By 1912 there were 2500 drivers in Alberta and they were paying more for the privilege. The Motor Vehicle Act raised the license fee to ten dollars plus a dollar for a set of plates. It also set new speed limits: 20 miles an hour on straight roads and 15 going around corners. By 1913 the number of licensed drivers jumped to 3733 and the government gave official recognition to the importance of roads by creating a highway branch within the department of public works. By 1918 there were 29,000 licensed drivers and trucks had appeared on the roads. The Provincial Government brought in Alberta's first Highway Act to present guidelines for a system of highways. Roads were placed in three categories: main, district and local. In 1919 the federal government took the first initiative in encouraging a national system of highways. Alberta's second Highway Act of 1922 classed roads as main highways, essential market roads and local roads. Essential market roads were given the priority. As a result, highways did not develop as connecting arteries of travel.

The same year (1912) a joint project linking Lethbridge and Great Falls, Montana was being promoted. Art Baalim was in at the start of the movement. A meeting, held at the Marquis Hotel, generated such enthusiasm for the Sunshine Trail, which would run from Mexico to Alaska, that the first link from Lethbridge to Great Falls was created on the spot.

After vigorous lobbying, Lethbridge became the hub of three major roads: the Black Trail or Sunshine Trail ran from Butte through Great Falls and Lethbridge to Calgary, via Vulcan; the Red or All Red Trail traversed Southern Alberta in an east-west direction: while the Yellow Trail connected Lethbridge to Cardston and Waterton lakes. These trails, marked with colored bands on telephone poles, were blade-graded dirt roads with some of the low places fresno filled and most of the small streams diverted through wooden culverts. It was recommended in 1926 that all highways be numbered in the belief that the province would run out of colors long before it would run out of numbers. It would be another thirty years before the Sunshine Trail would become Highway #4 and the Yellow Trail Highway #5.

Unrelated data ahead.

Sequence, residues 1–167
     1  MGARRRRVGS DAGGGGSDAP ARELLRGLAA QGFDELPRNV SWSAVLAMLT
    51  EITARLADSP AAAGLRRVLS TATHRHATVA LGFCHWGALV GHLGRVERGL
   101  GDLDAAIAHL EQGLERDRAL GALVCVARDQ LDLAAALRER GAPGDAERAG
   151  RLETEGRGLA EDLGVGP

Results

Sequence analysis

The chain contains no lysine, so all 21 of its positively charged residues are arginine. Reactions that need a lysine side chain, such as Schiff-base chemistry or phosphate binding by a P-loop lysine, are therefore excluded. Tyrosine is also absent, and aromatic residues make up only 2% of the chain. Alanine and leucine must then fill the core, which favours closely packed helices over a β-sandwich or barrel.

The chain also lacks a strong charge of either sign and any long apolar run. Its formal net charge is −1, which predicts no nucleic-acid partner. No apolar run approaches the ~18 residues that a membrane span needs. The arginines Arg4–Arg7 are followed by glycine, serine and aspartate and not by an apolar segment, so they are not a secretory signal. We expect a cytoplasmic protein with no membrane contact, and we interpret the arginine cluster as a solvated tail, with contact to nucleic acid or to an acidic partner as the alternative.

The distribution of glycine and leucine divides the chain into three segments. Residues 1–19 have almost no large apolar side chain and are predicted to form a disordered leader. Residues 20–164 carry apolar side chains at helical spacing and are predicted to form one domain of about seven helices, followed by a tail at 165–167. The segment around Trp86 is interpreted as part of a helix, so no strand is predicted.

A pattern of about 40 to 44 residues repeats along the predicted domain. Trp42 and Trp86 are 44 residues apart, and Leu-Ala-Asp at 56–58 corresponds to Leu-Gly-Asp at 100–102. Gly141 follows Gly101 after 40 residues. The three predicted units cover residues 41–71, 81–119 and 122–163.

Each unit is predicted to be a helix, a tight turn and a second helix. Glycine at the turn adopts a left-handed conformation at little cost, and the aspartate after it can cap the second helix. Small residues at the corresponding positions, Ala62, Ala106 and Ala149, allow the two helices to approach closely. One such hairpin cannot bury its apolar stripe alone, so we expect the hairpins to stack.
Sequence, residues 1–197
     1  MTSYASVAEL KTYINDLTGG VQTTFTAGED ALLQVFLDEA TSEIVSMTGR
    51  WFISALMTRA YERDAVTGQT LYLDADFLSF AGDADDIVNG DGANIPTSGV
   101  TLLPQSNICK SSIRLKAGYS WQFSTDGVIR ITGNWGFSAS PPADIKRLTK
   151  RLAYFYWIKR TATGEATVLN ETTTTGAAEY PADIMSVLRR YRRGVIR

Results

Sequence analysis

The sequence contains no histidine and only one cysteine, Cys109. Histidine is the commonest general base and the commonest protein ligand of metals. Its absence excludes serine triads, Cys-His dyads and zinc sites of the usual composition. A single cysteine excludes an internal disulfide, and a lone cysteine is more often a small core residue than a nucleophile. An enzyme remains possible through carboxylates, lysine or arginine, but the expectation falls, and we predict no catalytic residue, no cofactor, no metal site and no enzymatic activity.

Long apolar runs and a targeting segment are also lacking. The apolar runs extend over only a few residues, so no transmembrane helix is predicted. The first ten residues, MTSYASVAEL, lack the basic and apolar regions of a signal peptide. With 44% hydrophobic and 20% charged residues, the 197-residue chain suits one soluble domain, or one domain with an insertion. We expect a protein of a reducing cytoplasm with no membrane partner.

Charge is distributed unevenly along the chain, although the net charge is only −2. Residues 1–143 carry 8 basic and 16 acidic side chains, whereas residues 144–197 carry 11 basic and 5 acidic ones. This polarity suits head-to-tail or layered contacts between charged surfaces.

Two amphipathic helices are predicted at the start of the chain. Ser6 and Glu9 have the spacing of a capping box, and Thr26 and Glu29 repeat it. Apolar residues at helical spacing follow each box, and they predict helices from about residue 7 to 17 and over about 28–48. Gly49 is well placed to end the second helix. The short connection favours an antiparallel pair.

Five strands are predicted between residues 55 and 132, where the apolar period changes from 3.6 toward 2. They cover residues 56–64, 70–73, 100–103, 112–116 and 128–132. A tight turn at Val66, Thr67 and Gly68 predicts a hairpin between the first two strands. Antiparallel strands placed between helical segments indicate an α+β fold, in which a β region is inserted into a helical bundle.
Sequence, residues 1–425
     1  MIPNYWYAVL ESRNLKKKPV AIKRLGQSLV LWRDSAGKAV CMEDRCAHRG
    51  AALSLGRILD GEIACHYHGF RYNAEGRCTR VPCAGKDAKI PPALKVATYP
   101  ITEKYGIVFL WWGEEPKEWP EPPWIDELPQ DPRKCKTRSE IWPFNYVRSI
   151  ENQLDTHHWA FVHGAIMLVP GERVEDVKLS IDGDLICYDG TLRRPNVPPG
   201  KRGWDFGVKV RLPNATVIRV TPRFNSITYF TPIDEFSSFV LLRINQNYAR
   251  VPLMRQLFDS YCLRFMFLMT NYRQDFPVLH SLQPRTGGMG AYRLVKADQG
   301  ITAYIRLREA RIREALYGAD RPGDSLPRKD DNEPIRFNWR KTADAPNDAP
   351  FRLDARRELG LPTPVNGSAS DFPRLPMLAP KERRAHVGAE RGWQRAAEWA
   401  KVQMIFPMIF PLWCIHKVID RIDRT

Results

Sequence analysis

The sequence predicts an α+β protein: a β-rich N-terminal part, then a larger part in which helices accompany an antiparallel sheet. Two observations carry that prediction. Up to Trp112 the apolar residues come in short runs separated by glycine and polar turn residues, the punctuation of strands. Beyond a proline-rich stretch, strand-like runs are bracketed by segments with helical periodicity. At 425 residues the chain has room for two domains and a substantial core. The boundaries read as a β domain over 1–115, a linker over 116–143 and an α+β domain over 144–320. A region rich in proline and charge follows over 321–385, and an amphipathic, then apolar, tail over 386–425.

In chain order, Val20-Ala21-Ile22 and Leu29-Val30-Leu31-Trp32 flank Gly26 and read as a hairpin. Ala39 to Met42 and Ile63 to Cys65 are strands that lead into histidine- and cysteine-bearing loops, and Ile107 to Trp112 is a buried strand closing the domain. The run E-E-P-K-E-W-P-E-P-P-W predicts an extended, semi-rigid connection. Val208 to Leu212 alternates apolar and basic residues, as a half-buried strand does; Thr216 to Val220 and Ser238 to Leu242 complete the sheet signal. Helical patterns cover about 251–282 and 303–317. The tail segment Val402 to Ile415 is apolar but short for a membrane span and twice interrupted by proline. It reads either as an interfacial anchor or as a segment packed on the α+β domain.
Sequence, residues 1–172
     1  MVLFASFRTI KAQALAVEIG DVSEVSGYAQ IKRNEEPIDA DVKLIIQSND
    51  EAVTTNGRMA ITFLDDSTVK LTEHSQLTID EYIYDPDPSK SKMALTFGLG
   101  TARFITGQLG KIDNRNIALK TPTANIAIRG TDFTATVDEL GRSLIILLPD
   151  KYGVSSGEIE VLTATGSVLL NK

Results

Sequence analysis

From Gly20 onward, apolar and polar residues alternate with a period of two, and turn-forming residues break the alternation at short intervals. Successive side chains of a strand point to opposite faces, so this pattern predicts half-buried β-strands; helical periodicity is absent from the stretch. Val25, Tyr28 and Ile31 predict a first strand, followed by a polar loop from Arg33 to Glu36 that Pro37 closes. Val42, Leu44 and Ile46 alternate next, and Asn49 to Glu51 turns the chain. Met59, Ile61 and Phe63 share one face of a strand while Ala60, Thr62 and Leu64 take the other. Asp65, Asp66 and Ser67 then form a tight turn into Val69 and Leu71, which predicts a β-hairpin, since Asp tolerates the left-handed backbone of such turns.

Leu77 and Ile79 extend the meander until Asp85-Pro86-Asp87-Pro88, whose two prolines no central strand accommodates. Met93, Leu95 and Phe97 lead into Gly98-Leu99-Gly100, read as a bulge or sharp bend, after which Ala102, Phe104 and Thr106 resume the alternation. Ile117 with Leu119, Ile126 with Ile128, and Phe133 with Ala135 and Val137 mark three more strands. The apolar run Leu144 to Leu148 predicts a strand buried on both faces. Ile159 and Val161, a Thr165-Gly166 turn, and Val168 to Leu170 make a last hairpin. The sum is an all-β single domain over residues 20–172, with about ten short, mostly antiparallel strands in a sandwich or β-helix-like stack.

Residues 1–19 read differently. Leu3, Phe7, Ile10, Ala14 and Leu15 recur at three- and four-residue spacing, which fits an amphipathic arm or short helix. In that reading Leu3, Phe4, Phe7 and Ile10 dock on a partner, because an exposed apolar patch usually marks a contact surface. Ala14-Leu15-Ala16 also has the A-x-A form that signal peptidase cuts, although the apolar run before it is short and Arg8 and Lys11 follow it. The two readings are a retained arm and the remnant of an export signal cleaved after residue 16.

A new highway act was brought in scrapping the 1922 legislation. Highways were divided into main and secondary, the term "essential market roads" was dropped and supplanted by district roads. Local roads were still local. The province finally agreed that roads should be kept open in winter. By 1929 a total of 833 miles of highway had been graveled.

Good roads might have been the road to prosperity in 1930, but unfortunately, there was no way. The economy sagged and the Bennett-Buggy became the symbol of the times. R.B. Bennett was Prime Minister of Canada at this unfortunate time and had his name attached to the horse-drawn buggy. A Bennett-Buggy was usually a Model T Ford or a Chev 490 which a farmer could not afford to repair or replace. The engine would be removed and the horseless carriage would be converted back to a horse-drawn carriage. Harry Malcolm, the principal, Verna and I rode to school in a horse-drawn cart. It was a cart made from a 1925 Ford front axle complete with rubber tires. Later we hauled beets with a wagon converted from a 1928 G.M.C. truck chassis.